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Simons warns fintech could suffer for SSM view

Unwelcoming outlook: Andrew Simons

The Government’s attempt to become a top financial technology centre could be threatened by its attitude to foreign workers and “closed-minded” view of gay marriage, an Opposition senator warned yesterday.

Andrew Simons told the Upper Chamber during the Budget debate: “If you want to build a thriving tech sector in Bermuda, you have to be a progressive place.

“For years, certain aspects of tech culture have been forward-looking and progressive. If, as a country, we are closed-minded, then right at the beginning we close off those opportunities to build those new pillars of the economy.

“It’s harder to diversify if you are not welcoming.”

The One Bermuda Alliance senator said a thriving tech centre required programmers and “if you want people who can code you have to have a very specific attitude about folks from other places”.

He added: “Bermuda does not have the density of people writing code. Bermuda alone doesn’t have that group of people to build fintech companies, to build blockchain applications.

“People are going to have to come from somewhere else. So when a government is hostile to people from other places it really frustrates those efforts to diversify into information technology.”

He said the United States was grappling with the same problem.

Mr Simons added: “Lots of programmers in Silicon Valley and Boston and elsewhere come from South Asia, come from China, come from Eastern Europe, and in the US you have a government that’s saying ‘we don’t want you, go away, we are not going to give you visas’.”

He said: “It’s very hard to have a thriving tech centre if you say nasty things about foreigners. Those two things don’t go together.”

He added much of the reaction to the repeal of gay marriage last month focused on tourism, but the implications for the island’s fintech ambitions should also be considered.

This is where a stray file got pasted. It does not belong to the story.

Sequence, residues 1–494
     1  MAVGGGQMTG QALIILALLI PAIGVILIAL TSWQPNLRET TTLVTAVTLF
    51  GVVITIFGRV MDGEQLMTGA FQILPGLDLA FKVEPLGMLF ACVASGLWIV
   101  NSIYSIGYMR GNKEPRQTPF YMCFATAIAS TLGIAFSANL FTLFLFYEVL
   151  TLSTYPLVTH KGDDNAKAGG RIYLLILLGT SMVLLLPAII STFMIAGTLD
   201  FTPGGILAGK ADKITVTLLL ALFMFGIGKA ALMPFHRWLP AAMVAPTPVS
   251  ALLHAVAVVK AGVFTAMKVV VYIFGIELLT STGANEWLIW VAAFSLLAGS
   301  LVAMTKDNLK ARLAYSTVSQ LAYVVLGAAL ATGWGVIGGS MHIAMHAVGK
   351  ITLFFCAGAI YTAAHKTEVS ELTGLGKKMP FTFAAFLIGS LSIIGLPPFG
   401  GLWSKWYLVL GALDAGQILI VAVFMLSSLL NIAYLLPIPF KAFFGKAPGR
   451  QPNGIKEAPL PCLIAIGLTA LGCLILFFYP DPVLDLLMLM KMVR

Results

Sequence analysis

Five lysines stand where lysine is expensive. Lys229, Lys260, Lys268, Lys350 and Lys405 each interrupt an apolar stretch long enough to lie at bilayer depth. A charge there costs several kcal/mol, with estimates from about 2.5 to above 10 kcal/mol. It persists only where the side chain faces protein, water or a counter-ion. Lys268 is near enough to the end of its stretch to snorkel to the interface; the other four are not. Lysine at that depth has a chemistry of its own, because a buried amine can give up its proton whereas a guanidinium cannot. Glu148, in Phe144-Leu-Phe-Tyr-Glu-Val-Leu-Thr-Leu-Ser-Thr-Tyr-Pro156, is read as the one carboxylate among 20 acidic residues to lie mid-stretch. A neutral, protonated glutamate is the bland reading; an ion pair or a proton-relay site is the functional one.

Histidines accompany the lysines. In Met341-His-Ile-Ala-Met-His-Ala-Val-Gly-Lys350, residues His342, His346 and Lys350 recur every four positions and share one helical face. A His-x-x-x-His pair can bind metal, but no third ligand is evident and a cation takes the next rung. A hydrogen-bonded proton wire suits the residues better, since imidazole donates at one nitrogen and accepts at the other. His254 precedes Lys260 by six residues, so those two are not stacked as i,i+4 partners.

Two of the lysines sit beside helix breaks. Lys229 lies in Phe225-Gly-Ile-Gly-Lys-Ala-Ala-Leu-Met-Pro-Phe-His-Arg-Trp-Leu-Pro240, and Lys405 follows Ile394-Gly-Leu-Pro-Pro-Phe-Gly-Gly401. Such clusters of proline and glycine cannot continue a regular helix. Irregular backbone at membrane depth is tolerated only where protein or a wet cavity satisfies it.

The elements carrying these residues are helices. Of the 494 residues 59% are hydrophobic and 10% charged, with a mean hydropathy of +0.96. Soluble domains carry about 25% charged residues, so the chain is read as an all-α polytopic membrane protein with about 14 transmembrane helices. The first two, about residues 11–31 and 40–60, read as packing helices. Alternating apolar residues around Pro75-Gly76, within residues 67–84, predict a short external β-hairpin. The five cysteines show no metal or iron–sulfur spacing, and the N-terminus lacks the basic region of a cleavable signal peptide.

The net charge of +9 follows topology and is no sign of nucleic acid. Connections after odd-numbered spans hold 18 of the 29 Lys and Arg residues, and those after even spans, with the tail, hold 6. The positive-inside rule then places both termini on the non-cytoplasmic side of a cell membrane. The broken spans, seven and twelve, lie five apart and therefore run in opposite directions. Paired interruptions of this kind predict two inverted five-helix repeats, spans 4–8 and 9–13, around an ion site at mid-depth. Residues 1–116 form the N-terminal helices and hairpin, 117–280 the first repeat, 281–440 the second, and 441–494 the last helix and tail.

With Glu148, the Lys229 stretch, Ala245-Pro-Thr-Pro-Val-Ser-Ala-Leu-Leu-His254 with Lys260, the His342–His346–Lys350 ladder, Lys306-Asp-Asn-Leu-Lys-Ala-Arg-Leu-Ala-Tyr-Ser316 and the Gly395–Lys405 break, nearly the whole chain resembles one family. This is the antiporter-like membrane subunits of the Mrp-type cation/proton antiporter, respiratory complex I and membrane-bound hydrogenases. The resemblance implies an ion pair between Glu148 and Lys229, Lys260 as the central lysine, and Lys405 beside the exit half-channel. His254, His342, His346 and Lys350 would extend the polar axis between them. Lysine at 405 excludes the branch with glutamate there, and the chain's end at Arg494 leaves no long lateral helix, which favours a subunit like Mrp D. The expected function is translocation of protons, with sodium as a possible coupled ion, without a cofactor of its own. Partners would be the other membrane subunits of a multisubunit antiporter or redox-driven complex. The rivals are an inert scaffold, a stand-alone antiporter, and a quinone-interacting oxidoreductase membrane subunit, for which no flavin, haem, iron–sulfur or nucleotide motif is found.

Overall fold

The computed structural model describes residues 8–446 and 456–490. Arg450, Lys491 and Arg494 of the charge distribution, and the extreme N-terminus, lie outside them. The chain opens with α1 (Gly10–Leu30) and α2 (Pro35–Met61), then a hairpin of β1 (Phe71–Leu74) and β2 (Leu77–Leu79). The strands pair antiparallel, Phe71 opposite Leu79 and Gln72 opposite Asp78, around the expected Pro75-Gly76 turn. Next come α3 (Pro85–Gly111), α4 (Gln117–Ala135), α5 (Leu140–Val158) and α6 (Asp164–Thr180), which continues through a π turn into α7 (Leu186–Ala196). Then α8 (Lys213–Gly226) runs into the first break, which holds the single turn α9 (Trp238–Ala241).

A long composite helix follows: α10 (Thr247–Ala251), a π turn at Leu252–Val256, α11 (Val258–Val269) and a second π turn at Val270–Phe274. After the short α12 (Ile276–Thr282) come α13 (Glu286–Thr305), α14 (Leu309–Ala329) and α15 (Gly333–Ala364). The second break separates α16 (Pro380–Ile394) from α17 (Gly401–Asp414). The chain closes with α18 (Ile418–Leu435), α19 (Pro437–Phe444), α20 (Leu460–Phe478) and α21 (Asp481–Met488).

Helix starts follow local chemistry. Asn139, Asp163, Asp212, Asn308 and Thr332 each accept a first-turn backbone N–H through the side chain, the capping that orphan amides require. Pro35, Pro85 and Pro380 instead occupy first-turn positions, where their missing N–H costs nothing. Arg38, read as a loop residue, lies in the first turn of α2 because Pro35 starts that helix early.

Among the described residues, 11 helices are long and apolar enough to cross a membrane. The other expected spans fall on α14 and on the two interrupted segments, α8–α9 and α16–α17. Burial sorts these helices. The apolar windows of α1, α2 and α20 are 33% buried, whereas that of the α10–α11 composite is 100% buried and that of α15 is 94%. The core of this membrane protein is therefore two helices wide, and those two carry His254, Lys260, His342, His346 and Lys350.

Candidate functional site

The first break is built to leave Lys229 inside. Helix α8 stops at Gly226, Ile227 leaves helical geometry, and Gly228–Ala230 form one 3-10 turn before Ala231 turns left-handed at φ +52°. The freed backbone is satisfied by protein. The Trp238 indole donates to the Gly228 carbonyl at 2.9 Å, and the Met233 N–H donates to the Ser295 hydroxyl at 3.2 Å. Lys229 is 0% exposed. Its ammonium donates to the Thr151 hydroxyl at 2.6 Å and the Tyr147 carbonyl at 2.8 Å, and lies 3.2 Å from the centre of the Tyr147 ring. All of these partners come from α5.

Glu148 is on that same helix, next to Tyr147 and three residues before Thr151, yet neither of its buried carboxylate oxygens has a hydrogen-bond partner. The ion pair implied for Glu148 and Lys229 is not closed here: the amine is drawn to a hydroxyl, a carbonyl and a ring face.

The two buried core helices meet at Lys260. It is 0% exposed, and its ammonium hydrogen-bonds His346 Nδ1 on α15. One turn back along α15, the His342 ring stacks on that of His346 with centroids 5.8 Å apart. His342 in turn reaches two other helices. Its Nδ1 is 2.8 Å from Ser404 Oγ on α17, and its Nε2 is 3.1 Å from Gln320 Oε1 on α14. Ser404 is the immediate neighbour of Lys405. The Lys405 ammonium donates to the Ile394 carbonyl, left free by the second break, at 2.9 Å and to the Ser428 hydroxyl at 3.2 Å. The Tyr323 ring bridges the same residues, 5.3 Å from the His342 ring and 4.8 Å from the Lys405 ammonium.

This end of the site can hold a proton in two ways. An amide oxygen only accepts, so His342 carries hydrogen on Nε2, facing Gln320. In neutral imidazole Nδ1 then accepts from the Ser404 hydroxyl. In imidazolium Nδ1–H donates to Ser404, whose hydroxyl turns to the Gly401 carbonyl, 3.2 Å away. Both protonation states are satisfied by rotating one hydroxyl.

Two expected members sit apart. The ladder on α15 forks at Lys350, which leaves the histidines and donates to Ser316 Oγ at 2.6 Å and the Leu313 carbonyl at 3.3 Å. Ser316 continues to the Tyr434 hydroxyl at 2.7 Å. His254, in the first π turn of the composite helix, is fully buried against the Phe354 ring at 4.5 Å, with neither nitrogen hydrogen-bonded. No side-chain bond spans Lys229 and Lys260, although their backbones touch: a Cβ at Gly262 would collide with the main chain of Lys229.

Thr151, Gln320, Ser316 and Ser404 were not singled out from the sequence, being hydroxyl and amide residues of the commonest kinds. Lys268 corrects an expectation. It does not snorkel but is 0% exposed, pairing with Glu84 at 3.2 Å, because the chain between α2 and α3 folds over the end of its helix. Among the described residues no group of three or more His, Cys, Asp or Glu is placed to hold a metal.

Mr Simons quoted a Stack Overflow survey in which 7 per cent of respondents from the tech community said they were gay or bisexual, while a small percentage were transsexual.

He said: “When we ask tourists to come to Bermuda we just want them to visit.

“We say we may or may not think of you as fully human, we have our own values, all of that business. Just come, spend your money and then leave, that’s the tourism model.

“If you want a thriving fintech centre, if you want software developers to come to Bermuda and build these innovative apps, you want them to stay, you want them to live here and some of those people won’t be straight and some of those folks will be married.

“The attitude that Bermuda has towards same-sex couples and the legislation in place may inhabit the growth in that industry.”

David Burt, the Premier and finance minister, said in his first Budget last month that it was a priority to develop fintech and ensure Bermuda benefited from blockchain-based technologies such as cryptocurrencies.

He pledged that a strict but not stifling legal framework and regulatory regime would be developed.

But independent senator James Jardine sounded a “degree of warning” over cryptocurrencies yesterday.

He said: “I think we need to be very, very careful there because there is a huge risk of money laundering and indeed there have been a number of fraud cases over the last number of years involving cryptocurrencies.

“While these things are all good for Bermuda, fintech in particular, with cryptocurrency we need to very careful that our regulations are properly and carefully crafted so we can protect ourselves and those who are involved in that.”